As the Taliban and US negotiate a peace deal, Afghan women fear their rights and freedoms will be traded for stability.
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The Standing Rock Sioux Tribe's escalating protest against an oil pipeline in North Dakota has unified US indigenous communities in an unprecedented way. Organisers say more than 200 tribes from across the country have converged at Standing Rock in the largest Native American gathering in more than a century. Its national impact was underscored this week when thousands of people across the country took part in a Facebook "check-in" solidarity action. They suggested they too were at Standing Rock in an attempt to thwart potential police monitoring of protesters online.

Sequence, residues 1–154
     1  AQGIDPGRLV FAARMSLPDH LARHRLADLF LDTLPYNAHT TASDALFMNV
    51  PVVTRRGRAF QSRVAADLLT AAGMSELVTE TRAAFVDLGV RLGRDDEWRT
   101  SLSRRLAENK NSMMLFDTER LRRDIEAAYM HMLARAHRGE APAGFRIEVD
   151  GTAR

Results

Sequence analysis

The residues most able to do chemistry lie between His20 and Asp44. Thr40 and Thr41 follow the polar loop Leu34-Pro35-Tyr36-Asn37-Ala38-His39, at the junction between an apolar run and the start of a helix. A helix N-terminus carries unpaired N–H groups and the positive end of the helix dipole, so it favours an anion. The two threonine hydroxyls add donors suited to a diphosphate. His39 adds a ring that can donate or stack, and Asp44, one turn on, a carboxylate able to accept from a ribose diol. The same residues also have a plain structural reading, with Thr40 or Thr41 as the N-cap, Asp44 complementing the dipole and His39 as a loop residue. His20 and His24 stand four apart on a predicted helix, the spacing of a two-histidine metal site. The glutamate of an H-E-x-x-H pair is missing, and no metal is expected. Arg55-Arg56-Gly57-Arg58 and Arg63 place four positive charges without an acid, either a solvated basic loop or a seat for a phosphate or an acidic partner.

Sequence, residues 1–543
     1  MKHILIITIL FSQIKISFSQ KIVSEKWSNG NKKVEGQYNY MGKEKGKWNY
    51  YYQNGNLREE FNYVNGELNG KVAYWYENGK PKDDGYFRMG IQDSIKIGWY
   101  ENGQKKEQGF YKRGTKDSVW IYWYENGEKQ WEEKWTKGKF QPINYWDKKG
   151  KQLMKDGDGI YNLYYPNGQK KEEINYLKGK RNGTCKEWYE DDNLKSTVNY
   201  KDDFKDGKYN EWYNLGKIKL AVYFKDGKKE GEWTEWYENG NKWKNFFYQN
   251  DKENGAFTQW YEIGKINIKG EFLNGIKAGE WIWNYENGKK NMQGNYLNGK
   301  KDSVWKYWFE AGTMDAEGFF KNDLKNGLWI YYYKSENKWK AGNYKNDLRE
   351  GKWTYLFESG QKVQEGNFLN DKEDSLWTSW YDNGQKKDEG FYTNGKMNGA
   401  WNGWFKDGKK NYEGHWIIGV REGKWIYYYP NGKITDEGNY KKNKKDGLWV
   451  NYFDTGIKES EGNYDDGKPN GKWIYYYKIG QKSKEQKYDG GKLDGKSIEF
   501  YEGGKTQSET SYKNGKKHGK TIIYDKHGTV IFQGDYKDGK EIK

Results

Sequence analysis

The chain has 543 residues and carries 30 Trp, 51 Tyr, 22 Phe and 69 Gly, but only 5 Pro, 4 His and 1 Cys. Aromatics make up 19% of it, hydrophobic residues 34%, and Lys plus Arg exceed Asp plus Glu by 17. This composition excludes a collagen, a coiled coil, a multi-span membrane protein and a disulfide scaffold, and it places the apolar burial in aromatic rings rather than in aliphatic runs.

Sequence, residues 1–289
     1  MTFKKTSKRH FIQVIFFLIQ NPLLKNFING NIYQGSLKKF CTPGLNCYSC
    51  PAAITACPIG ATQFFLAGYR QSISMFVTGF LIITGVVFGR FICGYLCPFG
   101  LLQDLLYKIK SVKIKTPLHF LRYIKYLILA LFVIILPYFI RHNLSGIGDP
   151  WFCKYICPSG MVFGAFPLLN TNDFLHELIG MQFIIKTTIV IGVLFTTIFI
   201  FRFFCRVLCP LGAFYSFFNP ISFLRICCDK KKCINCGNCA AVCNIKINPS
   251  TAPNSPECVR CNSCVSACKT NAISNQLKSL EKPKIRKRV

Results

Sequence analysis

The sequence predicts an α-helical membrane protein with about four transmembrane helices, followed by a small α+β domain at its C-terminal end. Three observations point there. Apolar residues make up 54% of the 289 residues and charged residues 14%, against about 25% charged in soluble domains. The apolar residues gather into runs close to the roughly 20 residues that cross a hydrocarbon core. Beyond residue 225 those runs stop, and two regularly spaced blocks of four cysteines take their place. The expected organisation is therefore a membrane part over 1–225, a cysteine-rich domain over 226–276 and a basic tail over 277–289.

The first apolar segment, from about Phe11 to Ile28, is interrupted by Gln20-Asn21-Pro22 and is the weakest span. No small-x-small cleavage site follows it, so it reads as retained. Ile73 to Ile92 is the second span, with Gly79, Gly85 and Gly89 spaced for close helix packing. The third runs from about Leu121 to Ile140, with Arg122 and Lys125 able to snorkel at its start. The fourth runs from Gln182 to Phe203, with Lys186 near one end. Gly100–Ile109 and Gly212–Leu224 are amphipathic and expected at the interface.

The protest at Standing Rock has spurred talk of what some call a new civil rights movement around Native American issues. The militarised police crackdown — peaking last week with mass arrests and allegations of abuse — has drawn attention to indigenous communities' treatment by law enforcement. Native Americans die at the hands of police at a rate higher than any other ethnic group. The perception of bias and injustice was amplified when, on the same day as last week's raid, white members of an anti-government militia were acquitted for their armed takeover of an Oregon wildlife refuge earlier this year. Join us today at 19:30 GMT.
On this episode of The Stream, we speak to:
Simon Moya-Smith @SimonMoyaSmith
Culture Editor, Indian Country Today
Sterling HolyWhiteMountain @MrHWM
Fiction writer and essayist
Eryn Wise @erynwisegamgee
Media coordinator, Sacred Stone Camp
Tara Houska @zhaabowekwe
National Campaigns Director, Honor the Earth
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